The 555 seat, double deck Airbus A380 is the most ambitious civil aircraft program yet. When it entered service in 2007, the A380 is the World”s largest airliner, easily eclipsing Boeing’s 747. Airbus first began studies on vary large 500 seat airliner in the early 1990s. The European manufacturer saw developing a competitor and successor to the Boeing 747 as a strategic play to end Boeing”s dominance of the very large airliner market and round out Airbus’s product line-up.
Airbus began engineering development work on such an aircraft, then designated the A3XX, in June 1994. Airbus studied numerous design configurations for the A3XX and gave serious consideration to a single deck aircraft which have seated 12 abreast and twin vertical tails. However Airbus settled upon a twin deck configuration, largely because of the significantly lighter structure required.
Key deign aims include the ability to use existing airport infrastructure with little modifications to the airports, and direct operating costs per seat 15-20% less than those for 747-400. With 49% more floor space and only 35% more seating than the pervious largest aircraft, Airbus is ensuring wider seats and aisles for more passenger comfort. Using the most advanced technologies, the A380 is also designed to have 10-15% more range, lower fuel burn and emissions, and less noise.
Country of Origin
Europe (France, Germany, Spain, UK)
High capacity, long range, twin deck, wide body airliner.
A380-800 – Four 333kN (70,000lb), initially derated to 302kN (68,000lb), later growing to 374kN (84,000lb) thrust Rolls-Royce Trent 900 or 363kN (81,500lb) thrust Engine Alliance (General Electric-Pratt & Whitney) GP-7200 turbofans.
A380-800 – Max cruising speed M 0.88. Long distance speed M 0.85. Range 14,800km (8,000nm). Service ceiling 43.000ft (13,100m). A380-800F – Range 10,370km (5,600nm).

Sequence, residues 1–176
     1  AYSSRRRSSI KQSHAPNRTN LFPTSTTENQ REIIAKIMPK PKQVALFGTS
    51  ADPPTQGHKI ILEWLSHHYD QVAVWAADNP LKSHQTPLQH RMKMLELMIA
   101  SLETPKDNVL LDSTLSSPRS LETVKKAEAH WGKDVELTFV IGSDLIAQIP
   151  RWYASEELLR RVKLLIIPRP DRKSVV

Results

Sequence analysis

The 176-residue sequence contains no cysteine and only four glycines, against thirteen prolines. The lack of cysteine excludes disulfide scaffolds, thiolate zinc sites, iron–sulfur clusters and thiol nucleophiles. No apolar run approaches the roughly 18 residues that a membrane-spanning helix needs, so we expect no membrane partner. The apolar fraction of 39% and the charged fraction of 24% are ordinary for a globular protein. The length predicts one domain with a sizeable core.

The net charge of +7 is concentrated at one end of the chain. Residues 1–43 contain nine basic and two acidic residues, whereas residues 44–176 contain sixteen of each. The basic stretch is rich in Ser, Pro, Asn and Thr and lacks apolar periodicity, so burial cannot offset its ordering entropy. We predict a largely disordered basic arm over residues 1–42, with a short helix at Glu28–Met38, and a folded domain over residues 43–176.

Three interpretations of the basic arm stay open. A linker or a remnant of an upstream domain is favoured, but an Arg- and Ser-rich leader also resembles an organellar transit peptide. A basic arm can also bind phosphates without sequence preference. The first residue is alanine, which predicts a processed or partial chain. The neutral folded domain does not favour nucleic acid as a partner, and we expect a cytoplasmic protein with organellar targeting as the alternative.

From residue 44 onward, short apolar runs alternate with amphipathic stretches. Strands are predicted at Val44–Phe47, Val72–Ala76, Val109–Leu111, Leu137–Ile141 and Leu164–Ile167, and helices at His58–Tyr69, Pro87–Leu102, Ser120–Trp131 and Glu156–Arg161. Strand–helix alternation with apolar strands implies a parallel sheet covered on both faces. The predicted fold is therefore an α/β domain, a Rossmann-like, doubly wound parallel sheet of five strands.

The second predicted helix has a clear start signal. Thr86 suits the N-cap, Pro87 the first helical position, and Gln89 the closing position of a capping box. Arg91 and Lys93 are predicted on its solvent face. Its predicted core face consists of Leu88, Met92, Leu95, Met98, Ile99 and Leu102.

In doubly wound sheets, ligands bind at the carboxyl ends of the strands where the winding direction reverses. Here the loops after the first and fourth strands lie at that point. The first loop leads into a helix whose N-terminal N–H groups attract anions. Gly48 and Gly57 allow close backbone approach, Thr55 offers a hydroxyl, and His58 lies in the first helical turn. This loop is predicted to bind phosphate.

A380-800 – Operating empty 277,000kg (610,700lb), max takeoff 560,000kg (1,234,600lb).
A380-800F – Operating empty 252,000kg (555,600lb), max takeoff 590,000kg (1,30,700lb).
A380-800 – Wing span 79.8m (261ft 10in), length 72,75m (238ft 8in). Height 24,08m (79ft).
A380-800 – Flight crew of two. Standard seating for 555 passengers on two decks in a three class arrangement. Qantas plans to fit its aircraft with 523 seats (in three classes). A380 has 49% more floor area but only 35% more seats (in 555 seat configuration) than the 747-400, allowing room for passenger amenities such as bars, gymnasiums and duty free shops. Cargo capacity 38 LD3s or 13 pallets
149 firm orders (including 27 freighters) by January 2005. Airbus has forecast a market for approx 1235 airliners of 400 seats and above through to 2020. First deliveries was to Singapore Airlines in October 2007.
The A380 features and advanced version of the Airbus A380 common two crew cockpit, with pull-out keyboards for the pilots, extensive use of composite materials such as Glare (an aluminium/glass fibre composite), and four 302 to 374kN (68,000 to 84,000lb) class Rolls-Royce Trent 900 or Engine Alliance (General Electric/Pratt & Whitney) GP7200 turbofans now under development.
Several A380 models are planned: the basic aircraft is the 555 seat A380-800 (launch customer Emirates). The 590 ton MTOW 10,410km (5620nm) A380-800F freighter will be able to carry a 150 tonne payload and is die to enter service in 2008 (launch customer FedEx). Potential future models will include the shortened, 480 seat A380-700, and the stretched, 656 seat, A380-900.